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Information Rights Management or User Access Management, Which One Is Better?

The current security landscape calls for intensive monitoring and analysis to effectively identify possible threats to applications, systems, and infrastructure. With millions of threats discovered monthly, security experts must revamp and update their cybersecurity measures and tools. One of the challenges they may need to address is choosing between information rights management (IRM) and user access management (UAM).

What Is IRM?

IRM technology directly embeds encryption and user permissions within a file and not around it. It is an extension of the more traditional Microsoft digital rights management (DRM), which aims to secure the file itself. Users can protect files wherever it resides, and even when it is in transit.

As such, IRM has valuable advantages, including:

  • Protection of specific information: IRM can be used to secure high-value information. One application could be when two organizations are negotiating for a merger, and they would need to share highly sensitive information. They can use IRM to protect sensitive files, allowing the information owner to revoke access to anyone at any given time.
  • Regulatory compliance: Organizations must keep important information safe at all times to comply with strict regulatory requirements. Companies can ensure General Data Protection Regulation (GDPR) compliance, for instance, with an IP geolocation API. More specifically, it would help them identify the information of European Union (EU) citizens and assign stricter access rules for it.
  • Prevention of accidental exposure: Accidental file sharing by employees is a growing security concern. In recent research commissioned by Egress, around 79% of IT leaders believe employees freely share sensitive data with others. Surprisingly, 92% of employees do not believe they breached company policy when they did so. Around 55% of these employees, in fact, intentionally shared information against company policy and claimed they did not have the necessary tools to do so securely. With IRM, costly human errors can be prevented by putting appropriate document controls in place.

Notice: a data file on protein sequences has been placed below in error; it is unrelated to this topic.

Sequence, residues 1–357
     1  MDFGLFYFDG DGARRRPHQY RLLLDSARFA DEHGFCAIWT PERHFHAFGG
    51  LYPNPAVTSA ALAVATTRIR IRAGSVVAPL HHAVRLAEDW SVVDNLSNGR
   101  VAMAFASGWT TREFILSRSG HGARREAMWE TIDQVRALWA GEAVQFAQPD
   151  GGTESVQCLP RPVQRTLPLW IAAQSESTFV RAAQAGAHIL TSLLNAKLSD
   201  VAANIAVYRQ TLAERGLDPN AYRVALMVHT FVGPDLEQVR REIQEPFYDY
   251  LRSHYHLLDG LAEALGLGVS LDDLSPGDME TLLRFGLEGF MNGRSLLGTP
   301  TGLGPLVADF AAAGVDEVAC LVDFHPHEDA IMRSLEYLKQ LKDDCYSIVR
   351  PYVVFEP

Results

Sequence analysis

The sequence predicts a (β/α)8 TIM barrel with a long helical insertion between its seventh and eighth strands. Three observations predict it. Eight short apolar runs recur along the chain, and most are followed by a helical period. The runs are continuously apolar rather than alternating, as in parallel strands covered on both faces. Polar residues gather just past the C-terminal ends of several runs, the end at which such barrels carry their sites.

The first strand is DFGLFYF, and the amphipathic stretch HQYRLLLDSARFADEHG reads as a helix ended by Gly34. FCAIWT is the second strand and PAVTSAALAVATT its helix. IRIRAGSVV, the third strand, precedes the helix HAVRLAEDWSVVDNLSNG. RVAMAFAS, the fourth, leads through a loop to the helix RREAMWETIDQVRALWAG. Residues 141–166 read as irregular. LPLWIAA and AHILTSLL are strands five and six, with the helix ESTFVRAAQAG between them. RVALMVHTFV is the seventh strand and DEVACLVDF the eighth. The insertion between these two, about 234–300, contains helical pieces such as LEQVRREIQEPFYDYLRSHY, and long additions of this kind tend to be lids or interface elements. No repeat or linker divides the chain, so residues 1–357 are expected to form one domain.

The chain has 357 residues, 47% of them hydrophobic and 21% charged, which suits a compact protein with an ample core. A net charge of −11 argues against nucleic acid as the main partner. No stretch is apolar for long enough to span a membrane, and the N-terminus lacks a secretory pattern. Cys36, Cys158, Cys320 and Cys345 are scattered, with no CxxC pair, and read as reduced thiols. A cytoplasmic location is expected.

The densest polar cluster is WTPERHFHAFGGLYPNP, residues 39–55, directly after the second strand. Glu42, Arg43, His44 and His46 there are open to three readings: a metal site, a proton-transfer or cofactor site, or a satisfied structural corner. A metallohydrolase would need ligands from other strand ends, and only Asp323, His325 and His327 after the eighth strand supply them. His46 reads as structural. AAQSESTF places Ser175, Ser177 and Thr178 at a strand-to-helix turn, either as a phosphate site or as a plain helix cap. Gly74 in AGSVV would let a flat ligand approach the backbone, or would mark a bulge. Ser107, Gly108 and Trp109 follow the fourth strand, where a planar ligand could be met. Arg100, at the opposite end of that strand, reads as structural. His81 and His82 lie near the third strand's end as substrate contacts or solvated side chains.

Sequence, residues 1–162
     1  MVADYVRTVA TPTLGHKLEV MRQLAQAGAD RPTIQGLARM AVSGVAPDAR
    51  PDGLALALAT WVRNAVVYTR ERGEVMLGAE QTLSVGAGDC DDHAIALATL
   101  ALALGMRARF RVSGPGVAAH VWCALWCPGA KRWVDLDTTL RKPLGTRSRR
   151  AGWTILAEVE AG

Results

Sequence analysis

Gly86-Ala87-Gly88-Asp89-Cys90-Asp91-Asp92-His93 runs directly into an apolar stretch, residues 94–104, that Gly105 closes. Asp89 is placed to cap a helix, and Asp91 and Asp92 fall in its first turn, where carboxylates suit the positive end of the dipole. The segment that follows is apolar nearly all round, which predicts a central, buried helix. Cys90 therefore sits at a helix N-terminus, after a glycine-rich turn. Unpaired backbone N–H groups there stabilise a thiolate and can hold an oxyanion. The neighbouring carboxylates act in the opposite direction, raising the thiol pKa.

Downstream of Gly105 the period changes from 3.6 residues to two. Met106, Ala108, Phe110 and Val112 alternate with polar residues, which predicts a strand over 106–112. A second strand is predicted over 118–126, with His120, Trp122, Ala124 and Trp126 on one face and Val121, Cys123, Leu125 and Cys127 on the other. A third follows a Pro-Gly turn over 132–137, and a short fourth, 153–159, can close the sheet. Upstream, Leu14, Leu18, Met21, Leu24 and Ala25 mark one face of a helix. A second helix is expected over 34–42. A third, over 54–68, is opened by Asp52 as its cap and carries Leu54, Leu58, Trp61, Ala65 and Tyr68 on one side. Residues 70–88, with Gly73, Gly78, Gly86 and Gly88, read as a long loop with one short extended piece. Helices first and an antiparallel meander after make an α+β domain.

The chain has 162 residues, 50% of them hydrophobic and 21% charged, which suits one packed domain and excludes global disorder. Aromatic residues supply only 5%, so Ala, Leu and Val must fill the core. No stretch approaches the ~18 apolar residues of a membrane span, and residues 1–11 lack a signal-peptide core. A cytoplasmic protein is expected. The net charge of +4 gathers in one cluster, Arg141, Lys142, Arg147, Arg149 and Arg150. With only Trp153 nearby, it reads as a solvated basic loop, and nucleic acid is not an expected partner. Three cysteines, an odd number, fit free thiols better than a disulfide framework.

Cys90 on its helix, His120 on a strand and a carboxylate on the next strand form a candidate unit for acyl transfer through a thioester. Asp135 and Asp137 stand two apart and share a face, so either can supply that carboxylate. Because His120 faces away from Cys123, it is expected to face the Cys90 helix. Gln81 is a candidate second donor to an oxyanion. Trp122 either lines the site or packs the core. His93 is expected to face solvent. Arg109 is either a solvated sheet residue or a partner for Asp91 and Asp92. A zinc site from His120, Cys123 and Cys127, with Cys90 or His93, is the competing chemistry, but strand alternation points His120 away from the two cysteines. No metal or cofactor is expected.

What Is UAM?

UAM, on the other hand, works by providing only accredited users access to specific files that they would need to do their jobs. With an established UAM framework, security professionals can monitor and control access to critical information within the organization. They can adjust access depending on a user's role within the organization. For instance, they can reserve access to critical information for higher-ups only.

IRM Versus UAM, Which Is Better?

For some security experts, IRM is a much better option because UAM can only protect and secure files from known unauthorized users. Problems arise when an authorized user's account is compromised. Attackers can use the stolen credentials of an executive, for instance, to access highly confidential data.

Such was the case when hackers get hold of unpublished financial information and sell or release it outside the compromised organization. Some companies do not even know what hit them until long after when that occurs.

Such events show the importance of securing actual files. Even if these get stolen, they are not as easy to decipher. IRM can further be enhanced by geolocating IPs, that way limiting an authorized user's physical location to his office. In this case, the data owner has the added protection of limiting where it can be opened.

* * *

Security professionals often carry the burden of deciding which security systems and tools to use. More experienced ones know and understand that this depends on the unique needs of their organizations. What is most important is to protect confidential at all costs.

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